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The alleged operator of the illicit BTC-e cryptocurrency exchange was extradited yesterday from Greece to the United States to face charges in the Northern District of California.

“After more than five years of litigation, Russian citizen Alexander Vinnik was extradited to the United States yesterday to be held responsible for operating BTC-e, a criminal cryptocurrency exchange, which laundered more than $4 billion of criminal proceeds,” said the Assistant Attorney General. Kenneth A. Polite, Jr. of the Criminal Division of the Department of Justice. “This extradition demonstrates the Department’s commitment to investigate and remove illicit cyber activity and would not have been possible without the relentless work of the Department of Justice’s Office of International Affairs. The Department of Justice thanks the Government of Greece, particularly the Ministry of Justice, for all their efforts to secure the defendant’s transfer to the United States.”

Alexander Vinnik, 42, a Russian citizen, was charged in a 21-count indictment that he superseded in January 2017. Vinnik was taken into custody in Greece in July 2017 at the request of the United States. He made his initial appearance earlier today in federal court in San Francisco before US Magistrate Judge Sallie Kim.

According to the indictment, Vinnik and his co-conspirators allegedly owned, operated, and administered BTC-e, a significant online cybercrime and money laundering entity that allowed its users to trade in bitcoin at high levels of anonymity and have developed a highly addicted customer base. about criminal activity.

The indictment alleges that BTC-e facilitated transactions for cybercriminals around the world and received criminal proceeds from numerous computer intrusions and hacking incidents, ransomware scams, identity theft schemes, corrupt public officials, and narcotics distribution rings, and has been used to facilitate crimes ranging from computer hacking, to fraud, identity theft, tax refund fraud schemes, public corruption, and drug trafficking. The investigation showed that BTC-e received more than $ 4 billion of bitcoin during its operation.

Despite doing substantial business in the US, the indictment alleges that BTC-e was not registered as a money services business with the US Treasury Department, had no anti-laundering process of money, no system for “know your customer” or “” proper. KYC”, and no anti-money laundering program as required by federal law.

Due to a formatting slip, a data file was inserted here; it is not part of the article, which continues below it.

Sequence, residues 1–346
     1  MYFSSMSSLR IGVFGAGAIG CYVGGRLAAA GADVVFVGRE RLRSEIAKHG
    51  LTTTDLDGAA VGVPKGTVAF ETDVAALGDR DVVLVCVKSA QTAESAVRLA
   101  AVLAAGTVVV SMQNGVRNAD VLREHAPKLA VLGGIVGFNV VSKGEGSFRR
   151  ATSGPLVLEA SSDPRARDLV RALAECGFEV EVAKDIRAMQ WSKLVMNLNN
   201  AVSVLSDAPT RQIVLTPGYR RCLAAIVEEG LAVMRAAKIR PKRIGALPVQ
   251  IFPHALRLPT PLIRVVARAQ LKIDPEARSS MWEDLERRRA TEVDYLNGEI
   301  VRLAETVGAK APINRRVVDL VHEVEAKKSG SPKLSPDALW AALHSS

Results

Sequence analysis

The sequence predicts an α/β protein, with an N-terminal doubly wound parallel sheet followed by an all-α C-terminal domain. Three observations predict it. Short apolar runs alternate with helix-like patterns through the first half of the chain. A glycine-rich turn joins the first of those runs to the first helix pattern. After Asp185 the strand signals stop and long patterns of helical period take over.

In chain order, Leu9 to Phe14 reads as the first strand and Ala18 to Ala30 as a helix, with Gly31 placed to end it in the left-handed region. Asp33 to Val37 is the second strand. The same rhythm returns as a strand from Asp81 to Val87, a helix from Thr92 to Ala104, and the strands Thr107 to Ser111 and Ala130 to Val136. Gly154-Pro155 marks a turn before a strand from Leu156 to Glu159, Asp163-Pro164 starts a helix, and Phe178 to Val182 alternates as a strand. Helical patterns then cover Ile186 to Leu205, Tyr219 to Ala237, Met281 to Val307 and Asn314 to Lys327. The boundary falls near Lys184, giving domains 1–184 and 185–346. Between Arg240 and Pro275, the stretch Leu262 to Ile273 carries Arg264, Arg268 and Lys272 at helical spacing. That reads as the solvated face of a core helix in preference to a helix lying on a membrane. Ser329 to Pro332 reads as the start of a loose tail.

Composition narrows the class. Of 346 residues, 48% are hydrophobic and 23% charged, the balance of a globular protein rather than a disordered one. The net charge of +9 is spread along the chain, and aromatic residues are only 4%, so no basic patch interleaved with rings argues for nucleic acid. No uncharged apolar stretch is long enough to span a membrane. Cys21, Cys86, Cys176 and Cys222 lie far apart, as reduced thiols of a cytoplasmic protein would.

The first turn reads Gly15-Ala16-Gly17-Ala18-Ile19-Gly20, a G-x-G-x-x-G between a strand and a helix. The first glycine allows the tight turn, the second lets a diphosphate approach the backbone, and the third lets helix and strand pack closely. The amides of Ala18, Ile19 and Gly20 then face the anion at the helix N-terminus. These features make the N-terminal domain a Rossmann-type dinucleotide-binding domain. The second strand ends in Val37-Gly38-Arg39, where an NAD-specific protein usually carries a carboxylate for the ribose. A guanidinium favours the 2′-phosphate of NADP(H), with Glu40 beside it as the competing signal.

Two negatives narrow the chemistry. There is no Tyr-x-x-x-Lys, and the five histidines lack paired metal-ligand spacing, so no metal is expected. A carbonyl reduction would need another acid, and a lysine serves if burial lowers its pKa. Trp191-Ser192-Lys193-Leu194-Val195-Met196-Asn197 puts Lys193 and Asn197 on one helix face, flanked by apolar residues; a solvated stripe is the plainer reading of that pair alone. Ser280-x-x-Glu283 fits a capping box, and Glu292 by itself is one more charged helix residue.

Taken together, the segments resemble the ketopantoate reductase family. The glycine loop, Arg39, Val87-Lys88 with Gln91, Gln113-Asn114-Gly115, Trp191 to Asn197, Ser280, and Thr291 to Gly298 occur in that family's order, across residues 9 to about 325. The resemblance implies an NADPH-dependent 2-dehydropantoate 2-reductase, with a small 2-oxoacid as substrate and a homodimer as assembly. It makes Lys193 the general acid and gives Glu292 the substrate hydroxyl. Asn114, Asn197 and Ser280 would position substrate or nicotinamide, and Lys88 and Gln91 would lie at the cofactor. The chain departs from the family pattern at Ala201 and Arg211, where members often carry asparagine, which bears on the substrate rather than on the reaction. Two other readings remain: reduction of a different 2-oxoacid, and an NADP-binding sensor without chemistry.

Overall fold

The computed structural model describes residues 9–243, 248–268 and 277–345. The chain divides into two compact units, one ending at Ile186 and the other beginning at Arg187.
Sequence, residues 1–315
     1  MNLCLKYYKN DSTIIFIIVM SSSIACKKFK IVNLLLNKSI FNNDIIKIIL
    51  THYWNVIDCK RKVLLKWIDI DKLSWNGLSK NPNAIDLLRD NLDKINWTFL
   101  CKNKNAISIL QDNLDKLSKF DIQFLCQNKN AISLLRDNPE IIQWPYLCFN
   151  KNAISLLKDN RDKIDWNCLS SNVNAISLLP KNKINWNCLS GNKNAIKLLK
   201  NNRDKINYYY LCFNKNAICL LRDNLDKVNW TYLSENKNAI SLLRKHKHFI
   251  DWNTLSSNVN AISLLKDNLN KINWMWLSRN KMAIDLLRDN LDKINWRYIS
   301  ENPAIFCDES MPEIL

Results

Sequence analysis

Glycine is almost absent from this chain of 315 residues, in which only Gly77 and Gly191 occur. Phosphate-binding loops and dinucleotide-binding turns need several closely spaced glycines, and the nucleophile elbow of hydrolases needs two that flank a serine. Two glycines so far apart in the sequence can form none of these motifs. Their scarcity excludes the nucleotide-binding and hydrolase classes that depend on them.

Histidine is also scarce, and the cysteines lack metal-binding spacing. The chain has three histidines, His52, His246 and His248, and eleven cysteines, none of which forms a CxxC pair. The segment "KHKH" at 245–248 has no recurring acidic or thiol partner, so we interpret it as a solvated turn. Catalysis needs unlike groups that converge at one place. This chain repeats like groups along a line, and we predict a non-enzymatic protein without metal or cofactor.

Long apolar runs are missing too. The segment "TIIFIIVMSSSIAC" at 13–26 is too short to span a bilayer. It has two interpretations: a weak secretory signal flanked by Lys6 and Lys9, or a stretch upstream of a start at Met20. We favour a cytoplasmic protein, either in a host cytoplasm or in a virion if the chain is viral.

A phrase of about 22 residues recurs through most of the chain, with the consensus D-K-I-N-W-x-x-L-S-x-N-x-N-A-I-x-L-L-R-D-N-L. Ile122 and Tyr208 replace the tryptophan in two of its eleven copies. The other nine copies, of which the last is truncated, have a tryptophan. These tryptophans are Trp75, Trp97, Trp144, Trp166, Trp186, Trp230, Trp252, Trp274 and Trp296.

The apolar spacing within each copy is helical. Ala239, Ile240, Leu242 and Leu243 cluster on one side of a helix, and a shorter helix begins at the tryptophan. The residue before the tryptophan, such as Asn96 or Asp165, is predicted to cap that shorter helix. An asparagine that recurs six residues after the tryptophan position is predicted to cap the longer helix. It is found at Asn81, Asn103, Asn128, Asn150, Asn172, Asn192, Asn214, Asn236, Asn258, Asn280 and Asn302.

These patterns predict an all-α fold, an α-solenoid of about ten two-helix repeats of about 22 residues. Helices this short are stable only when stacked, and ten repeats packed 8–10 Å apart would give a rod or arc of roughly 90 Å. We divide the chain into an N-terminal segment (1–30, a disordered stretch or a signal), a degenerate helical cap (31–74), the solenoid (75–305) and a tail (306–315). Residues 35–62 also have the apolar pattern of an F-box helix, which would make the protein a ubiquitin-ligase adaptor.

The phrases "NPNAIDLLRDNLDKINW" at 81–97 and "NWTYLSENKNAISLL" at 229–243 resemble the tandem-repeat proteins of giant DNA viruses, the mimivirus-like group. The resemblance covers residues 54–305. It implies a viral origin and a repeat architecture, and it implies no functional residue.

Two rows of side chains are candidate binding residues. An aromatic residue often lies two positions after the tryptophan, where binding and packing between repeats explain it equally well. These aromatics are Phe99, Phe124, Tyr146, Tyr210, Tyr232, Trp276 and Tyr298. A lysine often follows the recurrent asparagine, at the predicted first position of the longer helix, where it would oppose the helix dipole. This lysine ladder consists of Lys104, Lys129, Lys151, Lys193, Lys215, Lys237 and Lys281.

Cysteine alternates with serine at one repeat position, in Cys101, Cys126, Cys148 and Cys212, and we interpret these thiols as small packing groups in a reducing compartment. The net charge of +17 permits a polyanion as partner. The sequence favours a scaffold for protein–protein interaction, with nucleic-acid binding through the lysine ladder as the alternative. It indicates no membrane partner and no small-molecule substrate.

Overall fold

In 2017, FinCEN assessed a civil money penalty against BTC-e for willfully violating US anti-money laundering (AML) laws and against Vinnik for his role in the violation. A civil matter to enforce civil monetary penalties, in the amount of $88,596,314 with respect to BTC-e and $12 million with respect to Vinnik, is pending in the Northern District of California.

The indictment charges BTC-e and Vinnik with one count of operating a money service business without a license, and one count of conspiracy to commit money laundering. Additionally, the indictment charges Vinnik with 17 counts of money laundering and two counts of engaging in illegal monetary transactions.

The FBI, the IRS Criminal Investigation (Oakland Field Office and Cyber ​​Crime Unit, Washington, D.C.), Homeland Security Investigations, and the Criminal Investigative Division of the United States Secret Service are investigating the – case.

Trial Attorney C. Alden Pelker of the Computer Crime and Intellectual Property Section of the Department of Justice, and Assistant United States Attorney Claudia Quiroz of the United States Attorney’s Office for the Northern District of California are prosecuting the case.

The Department of Justice’s National Cryptocurrency Enforcement Team provided substantial assistance. The extradition request was handled by the Department of Justice’s Office of International Affairs.

The Department of Justice thanks the Greek Ministry of Justice for its cooperation in securing the defendant’s transfer to the United States.

An accusation is simply an allegation. All defendants are presumed innocent until proven guilty beyond a reasonable doubt in a court of law.

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